Canada’s combat role in Afghanistan, was it worth it?

"Canadian Forces have ended their combat role in Afghanistan"

From Stephen Saideman:  I think Canada made a difference while it was there, improving conditions in Kandahar even if the quarterly reports might over-state the gains.   Infant mortality is down, the percentage of women dying while giving birth is down, polio vaccinations have been taking place, the marketplaces are apparently doing pretty well, and the Afghans are more secure than they used to be.  Canada did help to prevent Kandahar and the nearby provinces from falling to the Taliban–that is not a small feat, but a significant contribution. Some will say that not losing is not winning, but given the situation, the limited assets for a large hunk of land, it is a meaningful contribution.  There were no big massacres of civilians in Kandahar by the Taliban (lots of small scale violence but no mass killings a la Srebrenica [see below]).  Canada defended Kandahar quite well, even if it did not possess the means to take control of the province. . . .

It comes down to this: militaries are instruments of policy.  Using these instruments can be costly.  This instrument can be used to make a country more relevant and influential than it would otherwise be.  Did Canada have more influence because of its Kandahar effort?  Absolutely.  The big question (that Phil of the video link above always asks me) is whether this influence existed outside of Afghanistan.  First, let me backtrack a bit: Canada has often been in places where it has had little influence over what it is doing.  So, it is significant that Canada had influence over stuff within Afghanistan because that is quite distinct from previous UN/NATO efforts.  Canada had leadership positions within NATO, it rotated command over a key sector (Regional Command south), it had major positions within the UN in Kabul, and so forth.  So, yes, Canada had significant influence in the theatre.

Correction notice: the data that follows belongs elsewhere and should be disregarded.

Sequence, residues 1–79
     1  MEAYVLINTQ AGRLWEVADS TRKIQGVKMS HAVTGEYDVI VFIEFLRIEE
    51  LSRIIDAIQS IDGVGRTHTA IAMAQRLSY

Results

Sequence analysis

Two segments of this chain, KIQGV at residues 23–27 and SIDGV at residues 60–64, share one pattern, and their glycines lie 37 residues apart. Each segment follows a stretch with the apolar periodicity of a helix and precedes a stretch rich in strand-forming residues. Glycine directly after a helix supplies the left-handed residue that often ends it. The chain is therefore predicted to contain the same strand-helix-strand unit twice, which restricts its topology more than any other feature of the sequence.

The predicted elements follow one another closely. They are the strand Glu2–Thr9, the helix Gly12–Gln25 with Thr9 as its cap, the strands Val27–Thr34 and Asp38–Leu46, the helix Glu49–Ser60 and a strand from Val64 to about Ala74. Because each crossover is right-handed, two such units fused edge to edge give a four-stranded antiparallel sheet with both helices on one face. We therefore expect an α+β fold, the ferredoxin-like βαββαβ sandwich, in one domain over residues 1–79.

But, of course, one could ponder whether Canada gained anything beyond Afghanistan.  I think so, but the evidence is less clear.  One way to consider this is to consider the demise of Germany.  By being caveated in Afghanistan, Germany has lost influence within NATO on other issues.  This could have been Canada’s fate.  In my interviews at NATO HQ, I was told (and yes, we cannot buy into everything folks say there) that Canada had influence on other aspects of NATO than the Afghanistan mission precisely because it made a contribution in Afghanistan.  That Canada shaped the new Strategic Concept that is supposed to shape the organization down the road.  A different piece of evidence is that the Canadian three-star general became the natural choice for commanding the Libyan effort because of Canada’s performance in Afghanistan.  There was no way that an Italian or Spaniard or other NATO country that was heavily caveated in Afghanistan would be given this major position. . . .

Canada cannot be everywhere, nor should it try.  Canadian soldiers and civilians extended a tremendous amount of effort at great cost to themselves and their families.  Was it worth it?  Yes, it was.  The effort both made things better for the Afghans in the short term and increased Canada’s influence in the world.  If you believe that Canada has good intentions and good values, a more important Canada is a good thing.  Despite my grumbling about Canada [too much hockey 😉 ], I think that more Canada is, indeed, a good thing. 

Stephen Saideman is a professor of political science at McGill University.  (photo: Surghar Daily)

Image: surgar%20net%207%206%2011%20Canada%20Afghanistan.jpg